Demand for fertility benefits is on the rise. And it’s not surprising why — millennials now make up the majority of the workforce, and they’re starting families. They’re also willing to move jobs for the benefits they want. But even beyond meeting that employee demand, employers are seeing the effects of fertility benefits on their workforce.
If you’re looking to educate your team or secure leadership buy-in, there’s a significant amount of evidence that supports the positive impact fertility offerings can have on your organization. You’ll find that they’re not only financially beneficial to your company, but also impactful on a physical, emotional, and mental level for your workforce. Here are a few of the reasons to consider adding them to your benefits package.
Employees are asking for them
What was once a taboo topic in the workplace is, slowly but surely, becoming an area that employees feel empowered to speak out about. Not only are they more willing to ask for fertility benefits, but employees are also likely to look for them elsewhere if their requests aren’t met in their current workplace.
In a recent study, 68% of employees said they were willing to change jobs to ensure they had infertility coverage. That number jumps even higher to 90% among those who have experienced fertility issues. And almost 60% of women say they would opt for a company offering fertility benefits over a company that didn’t.
Attract and retain talent
Today’s job market is candidate-driven, meaning that employees have more options than ever before about where they work. That’s why it’s more critical than ever for employers to invest in a competitive package that not only attracts, but also retains, talent. Fertility benefits can be a key part of this:
- 62% of U.S. employees who had their in-vitro fertilization (IVF) covered by their employer reported being more likely to remain in their job for a longer period. Among U.K. employees, 31% said employers should offer fertility benefits.
- Similarly, employees who work at companies with adoption benefits, regardless of whether or not they’re users, often feel more goodwill toward their employers.
Prioritize diversity and inclusion efforts
Organizations that prioritize diversity and inclusion have a competitive edge, which is why we’re seeing record-high numbers in company goals and policies that are focused on belonging and inclusion. Companies that have a highly inclusive culture notice 2.3 times more cash flow per employee, are 120% more likely to hit financial goals, and generate 1.4 times more revenue. And beyond that, 67% of job seekers consider workplace diversity an important factor when considering employment opportunities.
There’s no benefit that contributes more to this goal than fertility care, which gives everyone — regardless of age, gender, sexual orientation, gender identity, or marital status — the opportunity to start a family. Not only does it lead to improved recruiting efforts, but it also results in increased financial outcomes for your company.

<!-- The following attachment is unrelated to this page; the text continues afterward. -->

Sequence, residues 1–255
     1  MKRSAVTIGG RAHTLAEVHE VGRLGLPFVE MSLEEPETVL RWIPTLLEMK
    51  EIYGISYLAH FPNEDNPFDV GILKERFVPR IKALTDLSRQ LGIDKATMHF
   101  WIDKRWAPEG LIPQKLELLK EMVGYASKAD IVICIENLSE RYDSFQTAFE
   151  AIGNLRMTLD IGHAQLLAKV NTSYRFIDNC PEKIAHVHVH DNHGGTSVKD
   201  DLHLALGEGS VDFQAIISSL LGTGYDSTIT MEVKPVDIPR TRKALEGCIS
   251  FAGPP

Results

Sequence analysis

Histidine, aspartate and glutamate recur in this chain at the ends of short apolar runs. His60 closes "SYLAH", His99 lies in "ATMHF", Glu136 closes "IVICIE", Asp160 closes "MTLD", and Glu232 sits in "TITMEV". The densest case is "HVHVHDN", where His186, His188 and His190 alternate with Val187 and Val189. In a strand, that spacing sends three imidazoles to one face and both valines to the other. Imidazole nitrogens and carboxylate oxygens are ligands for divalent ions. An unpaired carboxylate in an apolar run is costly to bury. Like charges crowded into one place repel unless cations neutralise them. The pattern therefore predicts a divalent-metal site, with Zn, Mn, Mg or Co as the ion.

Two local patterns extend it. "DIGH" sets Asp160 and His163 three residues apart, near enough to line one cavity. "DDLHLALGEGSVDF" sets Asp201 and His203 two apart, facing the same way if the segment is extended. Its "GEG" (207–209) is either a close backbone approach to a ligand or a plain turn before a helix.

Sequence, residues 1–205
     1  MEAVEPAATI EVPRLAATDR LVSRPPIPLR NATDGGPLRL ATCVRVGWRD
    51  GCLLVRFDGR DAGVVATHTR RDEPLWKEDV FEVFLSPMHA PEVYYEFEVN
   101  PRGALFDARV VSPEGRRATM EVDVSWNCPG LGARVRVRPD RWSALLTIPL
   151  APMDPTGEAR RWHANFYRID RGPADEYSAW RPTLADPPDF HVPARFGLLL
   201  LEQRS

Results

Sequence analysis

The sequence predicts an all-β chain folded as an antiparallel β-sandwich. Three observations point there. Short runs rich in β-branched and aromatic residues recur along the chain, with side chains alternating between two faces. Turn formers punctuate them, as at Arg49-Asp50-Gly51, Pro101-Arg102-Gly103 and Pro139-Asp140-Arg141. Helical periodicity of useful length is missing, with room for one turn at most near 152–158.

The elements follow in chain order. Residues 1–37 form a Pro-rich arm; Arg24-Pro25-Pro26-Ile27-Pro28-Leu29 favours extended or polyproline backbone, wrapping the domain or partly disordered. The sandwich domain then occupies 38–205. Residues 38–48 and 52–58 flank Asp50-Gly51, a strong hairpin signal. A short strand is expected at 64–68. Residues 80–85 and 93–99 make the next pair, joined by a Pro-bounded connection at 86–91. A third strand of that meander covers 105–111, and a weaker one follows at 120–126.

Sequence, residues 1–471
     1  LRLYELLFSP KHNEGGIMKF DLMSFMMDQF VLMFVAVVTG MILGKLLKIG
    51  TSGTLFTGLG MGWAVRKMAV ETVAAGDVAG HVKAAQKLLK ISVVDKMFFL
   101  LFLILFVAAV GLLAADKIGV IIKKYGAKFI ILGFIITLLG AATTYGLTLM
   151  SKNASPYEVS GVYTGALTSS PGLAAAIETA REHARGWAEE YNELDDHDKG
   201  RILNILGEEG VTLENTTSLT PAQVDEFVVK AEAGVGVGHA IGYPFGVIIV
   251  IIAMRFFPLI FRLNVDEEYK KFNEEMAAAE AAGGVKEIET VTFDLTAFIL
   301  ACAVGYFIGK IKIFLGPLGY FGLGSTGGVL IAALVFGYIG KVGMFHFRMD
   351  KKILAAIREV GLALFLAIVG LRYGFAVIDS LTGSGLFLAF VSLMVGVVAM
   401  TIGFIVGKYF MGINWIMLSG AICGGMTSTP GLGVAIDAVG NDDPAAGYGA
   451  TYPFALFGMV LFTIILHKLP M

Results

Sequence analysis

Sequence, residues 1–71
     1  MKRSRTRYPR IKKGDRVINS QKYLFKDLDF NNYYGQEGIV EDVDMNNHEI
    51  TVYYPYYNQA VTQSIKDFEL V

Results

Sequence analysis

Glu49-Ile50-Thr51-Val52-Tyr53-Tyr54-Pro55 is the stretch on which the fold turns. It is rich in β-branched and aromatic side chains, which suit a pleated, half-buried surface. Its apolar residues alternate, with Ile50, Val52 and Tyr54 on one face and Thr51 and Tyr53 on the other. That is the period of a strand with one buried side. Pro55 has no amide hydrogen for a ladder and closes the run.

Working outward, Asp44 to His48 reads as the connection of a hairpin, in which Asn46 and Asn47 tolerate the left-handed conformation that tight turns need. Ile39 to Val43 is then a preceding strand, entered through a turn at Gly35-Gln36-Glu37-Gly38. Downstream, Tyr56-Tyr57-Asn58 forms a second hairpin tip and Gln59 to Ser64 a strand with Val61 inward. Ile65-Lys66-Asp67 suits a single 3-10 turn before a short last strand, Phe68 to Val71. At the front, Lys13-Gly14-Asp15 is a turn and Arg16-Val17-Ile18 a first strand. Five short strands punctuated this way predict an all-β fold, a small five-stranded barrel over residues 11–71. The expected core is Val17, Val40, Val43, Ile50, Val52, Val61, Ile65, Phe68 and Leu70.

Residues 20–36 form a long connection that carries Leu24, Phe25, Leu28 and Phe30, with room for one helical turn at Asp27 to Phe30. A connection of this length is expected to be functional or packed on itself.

Reduce healthcare costs
When adding fertility benefits, many employers only think about the additional upfront costs. However, companies can gain in the long-run by offering fertility care that encourages one healthy baby at a time. Historically, many multiple births were a result of IVF, and it’s estimated that U.S. businesses spend $5.7 billion just to cover these healthcare costs. Employers spend 12 times as much on healthcare costs for premature or low-weight babies as they do for babies without complications. That’s why it’s critical to ask your prospective fertility vendors about their single embryo transfer rates — this help provide an indication of their clinical perspective while also ultimately reducing healthcare costs.
Trying to navigate fertility treatments alone can be stressful and eat up a lot of your employee’s valuable resources. This results in financial, mental, and emotional burdens that can ultimately affect the productivity of employees at work, as demonstrated by these statistics:
- A 2018 survey found that, among 776 people who plan to undergo some type of fertility treatment in the next 12 months, 40% reported feeling stressed about the cost of the treatment.
- Financial stress frequently leads to chronic health disorders and high absenteeism, which can also lead to a loss in productivity.
- On the other hand, 22% of employees who did have their IVF covered by their employer said they’re more likely to work harder.
But along with increased demand comes an influx of vendors, all promising different solutions for your population’s needs. With so many people clamouring for your attention, it can be challenging to determine which one is truly the best fit for your workforce.